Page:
With a dominating and precise performance, Sada Jacobson ’04 defended her title and won the gold medal in the women’s saber at the 2002 NCAA Fencing Championships at Drew University, held from March 21 to 24. The Bulldogs tied for sixth place with Stanford in a field of 29 teams. Penn State University took first place.

“As far as a team, we did really well,” Jacobson said. “We’re not a fencing powerhouse and cannot recruit nearly as much as other schools.”

Each team competing in the Championships can send as many as 12 people. Nine Bulldogs qualified. The final rounds of each event consist of 24 competitors with the top four moving on to the semifinals.

The women’s squad had an outstanding performance throughout the weekend. In the saber, Jacobson’s title defense was complemented by a 13th place finish from Helen Liu ’02 in the field of 24.

Jacobson’s performance adds another title to an already distinguished fencing resume. Along with winning last year’s NCAA Championship, Jacobson earned a silver medal at the 2001 Junior World Championships. She was also a part of the U.S. squad that won the Senior World Championships in 2000. Currently ranked No. 2 in the world in the women’s saber for under-20s and 10th in the seniors category, Jacobson said that this year’s win was as tough as any.

“I was really nervous before this one,” Jacobson said. “But I always go out to win, and I wasn’t ready to give up the title.”

Jacobson faced the strongest competition possible in the final when she went up against Ohio State University’s Louise Bond-Williams. A freshman from Great Britain, Bond-Williams is currently ranked No. 3 in the world. The No. 1 ranked women’s saber in the under-20s is still in high school.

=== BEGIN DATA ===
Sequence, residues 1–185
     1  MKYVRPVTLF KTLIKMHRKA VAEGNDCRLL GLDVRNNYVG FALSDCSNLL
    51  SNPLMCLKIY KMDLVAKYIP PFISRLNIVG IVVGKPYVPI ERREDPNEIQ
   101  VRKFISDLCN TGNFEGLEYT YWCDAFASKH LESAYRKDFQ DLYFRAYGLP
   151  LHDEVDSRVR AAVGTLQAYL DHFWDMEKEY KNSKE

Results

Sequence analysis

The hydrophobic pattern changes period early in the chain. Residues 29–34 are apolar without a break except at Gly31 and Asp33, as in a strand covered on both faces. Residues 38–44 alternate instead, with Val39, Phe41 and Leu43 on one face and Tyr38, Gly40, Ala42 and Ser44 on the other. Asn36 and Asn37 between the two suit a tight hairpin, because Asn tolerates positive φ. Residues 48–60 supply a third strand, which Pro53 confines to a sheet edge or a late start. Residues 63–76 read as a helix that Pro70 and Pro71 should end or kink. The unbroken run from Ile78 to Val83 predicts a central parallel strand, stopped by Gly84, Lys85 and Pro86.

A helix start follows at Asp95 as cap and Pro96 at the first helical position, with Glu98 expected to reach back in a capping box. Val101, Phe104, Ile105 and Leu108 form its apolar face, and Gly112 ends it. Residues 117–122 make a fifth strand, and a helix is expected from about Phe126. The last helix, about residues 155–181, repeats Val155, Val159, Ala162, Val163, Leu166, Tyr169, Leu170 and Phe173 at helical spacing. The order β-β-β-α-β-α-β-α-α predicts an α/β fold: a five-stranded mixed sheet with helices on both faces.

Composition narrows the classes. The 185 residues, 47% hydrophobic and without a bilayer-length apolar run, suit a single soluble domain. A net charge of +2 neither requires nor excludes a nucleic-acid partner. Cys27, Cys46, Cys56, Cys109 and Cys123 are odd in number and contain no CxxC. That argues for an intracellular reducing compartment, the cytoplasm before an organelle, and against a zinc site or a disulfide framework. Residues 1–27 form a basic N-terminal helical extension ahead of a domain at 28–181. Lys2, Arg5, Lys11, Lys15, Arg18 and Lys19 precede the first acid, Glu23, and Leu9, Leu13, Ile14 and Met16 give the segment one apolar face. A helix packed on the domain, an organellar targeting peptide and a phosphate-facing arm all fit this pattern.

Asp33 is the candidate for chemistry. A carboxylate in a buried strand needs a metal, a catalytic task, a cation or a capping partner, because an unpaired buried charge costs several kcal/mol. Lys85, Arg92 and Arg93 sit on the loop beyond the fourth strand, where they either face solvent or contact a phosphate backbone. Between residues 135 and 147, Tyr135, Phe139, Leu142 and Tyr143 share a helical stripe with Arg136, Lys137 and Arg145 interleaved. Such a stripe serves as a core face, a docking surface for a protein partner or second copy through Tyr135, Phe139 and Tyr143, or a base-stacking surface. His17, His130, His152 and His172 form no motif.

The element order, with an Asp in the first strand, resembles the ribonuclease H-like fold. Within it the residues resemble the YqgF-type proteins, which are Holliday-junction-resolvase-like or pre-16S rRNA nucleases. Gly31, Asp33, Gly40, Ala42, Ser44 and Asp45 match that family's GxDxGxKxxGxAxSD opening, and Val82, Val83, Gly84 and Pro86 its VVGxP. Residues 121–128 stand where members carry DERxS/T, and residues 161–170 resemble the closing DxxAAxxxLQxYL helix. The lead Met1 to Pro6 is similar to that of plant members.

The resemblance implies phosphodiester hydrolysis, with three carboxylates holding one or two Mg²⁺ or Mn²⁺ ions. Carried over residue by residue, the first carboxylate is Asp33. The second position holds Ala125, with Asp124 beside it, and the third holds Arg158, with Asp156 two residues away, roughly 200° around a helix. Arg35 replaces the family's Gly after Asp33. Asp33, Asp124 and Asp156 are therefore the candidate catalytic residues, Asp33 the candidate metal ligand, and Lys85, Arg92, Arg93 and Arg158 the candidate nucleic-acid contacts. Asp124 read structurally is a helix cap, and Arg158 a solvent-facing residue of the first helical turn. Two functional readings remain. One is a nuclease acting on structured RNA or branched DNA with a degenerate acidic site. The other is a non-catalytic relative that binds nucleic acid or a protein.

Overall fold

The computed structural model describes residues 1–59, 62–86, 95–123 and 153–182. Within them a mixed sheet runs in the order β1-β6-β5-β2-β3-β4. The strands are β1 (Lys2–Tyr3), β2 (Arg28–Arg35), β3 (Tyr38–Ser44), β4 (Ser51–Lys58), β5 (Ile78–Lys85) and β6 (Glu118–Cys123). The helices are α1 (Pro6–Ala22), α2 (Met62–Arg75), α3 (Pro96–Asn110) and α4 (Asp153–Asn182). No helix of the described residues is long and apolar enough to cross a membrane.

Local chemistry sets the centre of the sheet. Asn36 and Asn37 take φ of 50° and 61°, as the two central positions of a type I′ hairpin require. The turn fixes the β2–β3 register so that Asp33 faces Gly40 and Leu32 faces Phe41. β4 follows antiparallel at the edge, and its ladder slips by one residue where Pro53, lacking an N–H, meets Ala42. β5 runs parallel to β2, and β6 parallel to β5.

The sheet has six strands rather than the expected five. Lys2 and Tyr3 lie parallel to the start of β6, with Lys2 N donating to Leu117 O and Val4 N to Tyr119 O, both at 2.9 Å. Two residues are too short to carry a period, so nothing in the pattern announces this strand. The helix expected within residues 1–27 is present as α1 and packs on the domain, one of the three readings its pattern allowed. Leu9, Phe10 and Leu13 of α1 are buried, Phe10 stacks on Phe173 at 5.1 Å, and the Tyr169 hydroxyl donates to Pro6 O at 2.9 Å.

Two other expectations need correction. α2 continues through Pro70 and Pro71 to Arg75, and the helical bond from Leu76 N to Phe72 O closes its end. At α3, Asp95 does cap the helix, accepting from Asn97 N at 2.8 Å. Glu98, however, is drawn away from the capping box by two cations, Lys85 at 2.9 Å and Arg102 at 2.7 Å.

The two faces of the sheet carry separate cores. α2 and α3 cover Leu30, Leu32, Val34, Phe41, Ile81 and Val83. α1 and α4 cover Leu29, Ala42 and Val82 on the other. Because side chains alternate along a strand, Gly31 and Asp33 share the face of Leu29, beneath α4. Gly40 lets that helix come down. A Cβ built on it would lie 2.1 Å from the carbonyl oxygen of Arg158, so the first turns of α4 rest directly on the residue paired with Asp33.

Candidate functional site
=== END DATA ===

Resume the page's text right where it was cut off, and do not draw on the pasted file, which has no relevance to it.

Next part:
Jacobson defeated Bond-Williams 15-9.

“[Bond-Williams] was a major threat,” Jacobson said. “I was really happy with my performance because not only did I win but I felt like I really fenced well in the final bout.”

In the semis Jacobson, who was seeded first after the preliminary rounds, dispatched Temple’s Sakinah Shaahid, 15-13.

In the opening rounds, Jacobson separated herself from the field, as she won 95.7 percent of her bouts, recorded 22 victories and had a plus-78 indicators score (the difference between touches scored and touches received).

In the women’s foil, captain Zane Selkirk ’04 took 13th place as she won 47.8 percent of her bouts. Jennifer Joseph ’04 finished 16th. Notre Dame swept the top two spots as Alicja Kryczao and Andrea Ament finished first and second, respectively.

Erica Korb ’05 finished 14th for the Elis in the women’s epee. Notre Dame’s Kerry Walton defeated Penn State’s Stephanie Eim.

On the men’s side of the draw, Byron Igoe ’04 recorded the top finish for the Elis as he took 15th place in the saber. Igoe won nine bouts. Mitsuhiro Sudo ’02 took 18th. In a tightly contested final four, St. John’s Ivan Lee defended his title as he won the Gold Medal by defeating Wayne State’s Jakub Krochmalski.

Captain Cameron Hill ’02 finished 23rd in the epee. St. John’s Arpad Horvath defeated defending champion Soren Thompson of Princeton, 15-9, in the title bout.

In the men’s foil, Stephen Townley ’02 took 23rd. Penn State’s Nonpatat Panchan, who won the silver medal at the 2001 Championships, went a step higher on the podium as he won by a narrow margin, 15-13, in the title bout over Jon Tiomkin of St. John’s.

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